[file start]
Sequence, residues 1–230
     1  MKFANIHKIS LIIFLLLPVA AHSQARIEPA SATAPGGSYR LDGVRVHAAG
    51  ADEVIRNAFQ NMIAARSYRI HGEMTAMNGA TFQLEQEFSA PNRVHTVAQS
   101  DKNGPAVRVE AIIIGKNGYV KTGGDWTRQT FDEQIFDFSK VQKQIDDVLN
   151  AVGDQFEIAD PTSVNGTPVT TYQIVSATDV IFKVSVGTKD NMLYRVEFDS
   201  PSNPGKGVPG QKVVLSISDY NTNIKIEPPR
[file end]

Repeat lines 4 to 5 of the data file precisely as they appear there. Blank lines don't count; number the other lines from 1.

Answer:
   101  DKNGPAVRVE AIIIGKNGYV KTGGDWTRQT FDEQIFDFSK VQKQIDDVLN
   151  AVGDQFEIAD PTSVNGTPVT TYQIVSATDV IFKVSVGTKD NMLYRVEFDS